April 10, 2015 Geoff Reports: Went to Death Valley last wknd to view/photograph the lunar eclipse and of course, wildflowers! I followed advice in previous reports and focused on Greenwater Valley (via Furnace Creek Wash Rd, aka the Greenwater Valley Rd, a well-maintained dirt/gravel road suitable for any vehicle). Still a nice show! The 10-mile stretch south of Dante's View Rd was impressive. A splash of variety in some spots (first photo, along the roadside), and carpets of yellow desert dandelion and white pincushion in others (2nd photo, on one of the turnoff roads to the west). I'd put peak bloom elevation at 4000'-5000'+ in this area, and recommend taking one of the turnoffs to the west to climb up in elevation (as far as your vehicle can go) and see the change in flower freshness and variety, and as always: get out and walk around! I didn't get a chance to see Gold Valley (previously reported as great), but based on its somewhat lower elevation, it may be dried out by now.
I also drove up to Dante's View - didn't have much time to get out and hunt flowers, but looks like one of the best areas to do so now (top pick by a park ranger last wknd, and the road tops out at 5500'). With the recent cool-down, these areas could be good for another week, maybe longer. Finally, went to Salsberry Pass (again, based on previous good reports), and it may be drying out a bit, but still had a nice variety if you get out and walk around.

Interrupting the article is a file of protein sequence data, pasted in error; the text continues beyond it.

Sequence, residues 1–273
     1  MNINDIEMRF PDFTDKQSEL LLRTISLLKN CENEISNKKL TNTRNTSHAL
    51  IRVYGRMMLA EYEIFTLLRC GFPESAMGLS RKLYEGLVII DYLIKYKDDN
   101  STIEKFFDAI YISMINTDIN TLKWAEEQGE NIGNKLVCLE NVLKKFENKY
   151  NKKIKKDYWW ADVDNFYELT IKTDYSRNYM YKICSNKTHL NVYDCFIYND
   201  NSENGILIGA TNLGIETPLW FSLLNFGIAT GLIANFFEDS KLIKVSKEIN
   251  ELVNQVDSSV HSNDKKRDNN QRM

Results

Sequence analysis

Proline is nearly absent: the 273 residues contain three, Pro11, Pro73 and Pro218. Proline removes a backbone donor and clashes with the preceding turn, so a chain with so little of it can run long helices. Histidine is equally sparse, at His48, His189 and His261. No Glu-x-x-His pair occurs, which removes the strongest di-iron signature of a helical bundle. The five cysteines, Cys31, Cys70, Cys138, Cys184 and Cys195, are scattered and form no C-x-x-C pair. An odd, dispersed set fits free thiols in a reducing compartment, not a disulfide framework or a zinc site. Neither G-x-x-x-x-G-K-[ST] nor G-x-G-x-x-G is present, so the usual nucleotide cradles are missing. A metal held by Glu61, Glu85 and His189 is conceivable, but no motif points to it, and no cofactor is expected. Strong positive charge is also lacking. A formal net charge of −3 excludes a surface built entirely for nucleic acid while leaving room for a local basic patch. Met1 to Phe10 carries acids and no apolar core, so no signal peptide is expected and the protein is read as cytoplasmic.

April 3, 2015 Death Valley National Park Reports: When you think about the challenges our wildflowers face, it is amazing we have any wildflowers left at all!
First, of course, there’s water. We have had 1 inch of rain this winter season. That’s not a whole heck of a lot of precipitation. What worked well was that the timing of the rain we did receive was excellent, with a little every month from November through February, keeping the little seedlings alive. The next challenge is heat. It was 89° on February 7. The heat came early and hit hard this year. From March 11 on, every single day had temperatures in the 90s, and temperatures were in the triple digits every day for the last week of March. The mild winter also brought us a bumper crop of insects, decimating some flower species. April has cooled down, but brought another big challenge. Wind!